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  • Methodology
  • Open Access
  • Open Peer Review

Understanding test accuracy research: a test consequence graphic

Diagnostic and Prognostic Research20182:2

https://doi.org/10.1186/s41512-017-0023-0

  • Received: 4 October 2017
  • Accepted: 15 December 2017
  • Published:
Open Peer Review reports

Abstract

Background

Presenting results of diagnostic test accuracy research so that it is accessible to users is challenging. Commonly used accuracy measures (e.g. sensitivity and specificity) are poorly understood by health professionals and the public. Evidence suggests that presenting probabilities as natural frequencies rather than percentages facilitates understanding. We present a test consequence graphic to display results based on natural frequencies and test consequences.

Methods

The graphic was developed as part of a project to develop guidance for writing plain language summaries for Cochrane diagnostic test accuracy (DTA) reviews. Using a mixed methods approach (focus groups, user testing, web-based surveys, public engagement and piloting), the graphic emerged as a clear preference out of a range of methods for presenting probabilistic information (text only, numbers embedded in text, annotated graphic) across patient representatives, media representatives and health professionals. The structure of the graphic was refined during the research process.

Results

The test consequence graphic displays the results of diagnostic test accuracy study or review as natural frequencies based on a hypothetical cohort of 1000 patients receiving the test.

Conclusions

The test consequence graphic provides a tool to help researchers communicate the results of diagnostic research in a simple, easy to access format and encourage meaningful application of research findings to practice. Key to this is linking estimates of test accuracy to potential downstream consequences of testing.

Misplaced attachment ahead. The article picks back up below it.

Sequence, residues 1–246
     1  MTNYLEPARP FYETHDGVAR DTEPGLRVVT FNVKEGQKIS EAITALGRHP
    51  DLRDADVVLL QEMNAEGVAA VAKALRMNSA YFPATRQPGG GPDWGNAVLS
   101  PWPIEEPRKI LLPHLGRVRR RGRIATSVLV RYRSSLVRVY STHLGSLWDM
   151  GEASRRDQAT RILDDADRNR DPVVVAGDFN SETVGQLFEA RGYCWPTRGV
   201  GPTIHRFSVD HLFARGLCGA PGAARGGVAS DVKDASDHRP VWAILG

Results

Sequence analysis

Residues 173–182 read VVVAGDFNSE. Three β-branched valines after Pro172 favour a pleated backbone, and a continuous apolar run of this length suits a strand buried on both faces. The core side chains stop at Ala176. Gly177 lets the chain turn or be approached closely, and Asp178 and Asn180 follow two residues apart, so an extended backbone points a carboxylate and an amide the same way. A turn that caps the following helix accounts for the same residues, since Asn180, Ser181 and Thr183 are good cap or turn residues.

Keywords

  • Diagnosis
  • Natural frequencies
  • Graphical display

Background

Explaining the results of test accuracy research in plain language is challenging. Outcome measures such as sensitivity and specificity are less familiar and more poorly understood than outcome measures used in intervention studies (e.g. relative risk) [1]. The two-dimensional nature of the measure of a test’s accuracy (the accuracy of a positive test result separate to the accuracy of a negative test result) introduces further complexity.

Research suggests that natural frequencies may facilitate understanding of probabilistic information and better estimation of the post-test probability of disease [1, 2]. In addition, simultaneous presentation of probabilistic information using textual explanation and numeric and graphic formats are preferred over the use of any of these presentation formats alone [36]. These findings have important implications for how the results of test accuracy research should be presented.

In this article, we introduce a graphic (the “test consequence graphic”) to present the results of test accuracy research, both primary studies and systematic reviews. The graphic is based on a natural frequency representation of the results that would be expected if the test under evaluation were applied to a hypothetical cohort of patients suspected of having the disease (target condition) for which the test is being used. It also incorporates the implications of each potential test result.

Methods

Development of the figure

The graphic presented here was developed as part of a project to develop guidance for writing plain language summaries for Cochrane diagnostic test accuracy (DTA) reviews. We have previously used similar graphics to present the results of work based on diagnosing urinary tract infection and myocardial infarction; however, these did not incorporate test consequences [7, 8].